Will Trevor Bauer play Major League Baseball again? What executives around the league are saying
Trevor Bauer became a free agent on Thursday, but the market will be a lot more hostile toward the 2020 National League Cy Young Award winner than it was two winters ago, when Bauer signed a three-year, $102-million deal with the Dodgers after turning down a lucrative offer from the New York Mets.
“The only guy who I know for sure would sign him is Al Davis,” one high-ranking major league executive said, referring to the renegade Oakland Raiders owner who relished his organization’s bad-boy image right up until his death in 2011.
Bauer was designated for assignment last Friday, the Dodgers choosing to sever ties with the right-hander — and swallow the remaining $22.5 million on his contract — rather than face the potential public backlash of retaining him.
The Dodgers were unable to trade Bauer by Thursday, the end of a seven-day window in which they had to deal him, and the embattled pitcher was given his unconditional release.
Bauer, 32, is eligible to return this season after his 324-game suspension for a violation of Major League Baseball’s sexual assault and domestic violence policy was reduced by an arbitrator to 194 games on Dec. 22, a decision the MLB said it “will abide by” despite its belief that “a longer suspension was warranted.”
The Dodgers had 14 days from that point to reinstate or release Bauer, and they went all the way up to last Friday’s end-of-business-day deadline, even meeting with Bauer in Arizona the day before, to announce in a one-paragraph press release that Bauer “will no longer be part of our organization.”
The odds of a deal in the week the Dodgers had to trade him were remote considering any team interested in Bauer could sign him for the major league minimum salary of $720,000 and not give up any prospects.
Bauer is now free to pursue a job with any team, but is there a team willing to employ him?
The Times reached out to 16 front-office executives, most of them team presidents and general managers, to see whether they had any interest in signing Bauer, who went 8-5 with a 2.59 ERA in 17 starts with the Dodgers in 2021 but hasn’t pitched in a professional game in 19 months.
Of the 11 who responded, seven were a hard “no,” one said, “I doubt it,” one said, “We are probably out,” and two declined to comment altogether, with one of those executives saying, “I’m not touching that topic.”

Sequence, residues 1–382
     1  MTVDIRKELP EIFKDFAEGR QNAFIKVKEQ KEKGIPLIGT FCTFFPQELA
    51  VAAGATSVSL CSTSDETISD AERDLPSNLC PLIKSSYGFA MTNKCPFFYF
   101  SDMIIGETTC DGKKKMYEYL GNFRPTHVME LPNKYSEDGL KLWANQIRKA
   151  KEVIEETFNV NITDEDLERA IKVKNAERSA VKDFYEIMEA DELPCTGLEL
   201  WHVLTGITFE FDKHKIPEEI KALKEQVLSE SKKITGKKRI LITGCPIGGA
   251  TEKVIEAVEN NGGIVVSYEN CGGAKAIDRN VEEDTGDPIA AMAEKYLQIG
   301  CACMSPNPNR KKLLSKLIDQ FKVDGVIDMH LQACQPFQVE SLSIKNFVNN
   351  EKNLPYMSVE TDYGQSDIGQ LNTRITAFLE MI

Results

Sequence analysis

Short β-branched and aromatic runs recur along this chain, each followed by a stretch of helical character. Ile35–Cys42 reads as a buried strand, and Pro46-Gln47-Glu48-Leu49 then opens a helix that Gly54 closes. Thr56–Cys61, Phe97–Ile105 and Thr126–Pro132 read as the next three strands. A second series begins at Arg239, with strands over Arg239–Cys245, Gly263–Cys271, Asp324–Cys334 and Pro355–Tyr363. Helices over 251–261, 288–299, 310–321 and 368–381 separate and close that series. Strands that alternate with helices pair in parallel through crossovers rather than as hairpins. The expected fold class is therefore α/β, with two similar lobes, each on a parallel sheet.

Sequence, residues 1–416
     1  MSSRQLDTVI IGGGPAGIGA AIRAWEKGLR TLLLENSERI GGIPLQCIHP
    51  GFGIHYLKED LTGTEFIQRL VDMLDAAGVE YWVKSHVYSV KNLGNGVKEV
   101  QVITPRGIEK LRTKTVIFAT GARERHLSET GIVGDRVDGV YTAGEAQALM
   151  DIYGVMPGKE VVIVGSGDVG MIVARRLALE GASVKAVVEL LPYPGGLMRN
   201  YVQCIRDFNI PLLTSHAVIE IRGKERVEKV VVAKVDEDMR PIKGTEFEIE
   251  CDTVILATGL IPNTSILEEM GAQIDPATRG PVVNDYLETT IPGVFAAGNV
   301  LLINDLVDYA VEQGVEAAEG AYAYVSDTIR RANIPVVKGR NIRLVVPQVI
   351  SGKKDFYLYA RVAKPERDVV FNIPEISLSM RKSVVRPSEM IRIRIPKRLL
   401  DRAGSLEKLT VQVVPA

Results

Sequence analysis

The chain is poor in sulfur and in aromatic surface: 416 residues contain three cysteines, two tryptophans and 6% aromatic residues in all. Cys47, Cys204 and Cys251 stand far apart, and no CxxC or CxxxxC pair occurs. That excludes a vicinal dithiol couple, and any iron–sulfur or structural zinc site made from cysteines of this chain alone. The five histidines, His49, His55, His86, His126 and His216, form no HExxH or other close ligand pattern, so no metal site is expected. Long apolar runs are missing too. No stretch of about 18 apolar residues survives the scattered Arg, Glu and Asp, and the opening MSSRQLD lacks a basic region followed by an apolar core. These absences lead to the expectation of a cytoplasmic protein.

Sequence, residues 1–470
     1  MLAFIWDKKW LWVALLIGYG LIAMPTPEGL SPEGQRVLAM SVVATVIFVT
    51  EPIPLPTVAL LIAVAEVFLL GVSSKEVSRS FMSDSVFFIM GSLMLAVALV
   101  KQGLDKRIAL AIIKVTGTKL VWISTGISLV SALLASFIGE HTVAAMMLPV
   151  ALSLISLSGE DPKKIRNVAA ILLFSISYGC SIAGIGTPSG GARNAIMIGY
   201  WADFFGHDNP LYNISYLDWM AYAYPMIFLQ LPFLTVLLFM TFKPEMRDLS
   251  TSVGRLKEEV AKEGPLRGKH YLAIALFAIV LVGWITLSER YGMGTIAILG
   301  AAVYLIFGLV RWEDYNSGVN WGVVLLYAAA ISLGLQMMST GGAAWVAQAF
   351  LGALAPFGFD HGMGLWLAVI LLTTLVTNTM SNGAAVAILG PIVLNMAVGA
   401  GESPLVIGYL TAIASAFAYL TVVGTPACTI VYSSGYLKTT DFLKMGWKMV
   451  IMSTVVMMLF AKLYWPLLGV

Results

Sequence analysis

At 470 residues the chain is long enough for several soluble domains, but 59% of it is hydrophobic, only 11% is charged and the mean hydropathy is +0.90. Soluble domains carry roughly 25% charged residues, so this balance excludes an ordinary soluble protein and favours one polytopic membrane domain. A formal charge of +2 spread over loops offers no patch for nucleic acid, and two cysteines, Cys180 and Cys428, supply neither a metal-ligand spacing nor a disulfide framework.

But that doesn’t necessarily mean MLB has seen the last of Bauer, who has an 83-69 career record and 3.79 ERA in 10 big league seasons and won his Cy Young Award with the Cincinnati Reds in the pandemic-shortened 2020 season.
“He’s so affordable, I wouldn’t be surprised if somebody does sign him and weathers the storm for spring training and the first two weeks of the season and then hopes it kind of dies down,” said one GM who was granted anonymity to speak freely about the situation.
“Maybe it’s not spring training [that Bauer signs], maybe it’s May 1 or June 1, maybe it’s more strategically timed for a team to get out of spring training and avoid the early noise, but I’ll be surprised if he doesn’t play again.”
A San Diego woman who met Bauer in May of 2021 requested a restraining order against him, providing medical records that showed she was diagnosed with “assault by manual strangulation” and “acute head injury” after the second of two sexual encounters with Bauer.
The restraining order was denied by a judge who ruled Bauer posed no future threat to the woman. Bauer maintains the sex was rough but consensual. He has not been charged with a crime but still received the longest suspension ever levied under baseball’s domestic violence policy.
Bauer’s case is also the only one with more than one publicly known accuser; two Ohio women made similar allegations to the Washington Post, which the league considered in determining Bauer’s suspension.
“I’ve asked my wife, I’ve asked the wife [of another team executive], how would you feel if we, as an organization, signed someone with this type of history,” another GM said. “The responses were not favorable.”
The Houston Astros acquired Roberto Osuna from the Toronto Blue Jays at the trade deadline in 2018 while the closer was serving a 75-game suspension in the wake of his arrest in Toronto for allegedly assaulting his girlfriend.
Osuna went 4-3 with a 2.63 ERA and 38 saves in 2019 for the Astros, who lost a seven-game World Series to Washington, but he missed most of 2020 because of an elbow injury and was let go after the season.
Osuna pitched in Mexico in 2021 and in Japan in 2022, going 4-1 with an 0.91 ERA and 10 saves in 29 games for the Chiba Lotte Marines last season, but he is struggling to find another major league job.
Bauer will likely face similar roadblocks as he attempts to return.
“Obviously,” one GM said, “it’s a delicate subject.”
This story originally appeared in Los Angeles Times.
Source: Yahoo Sports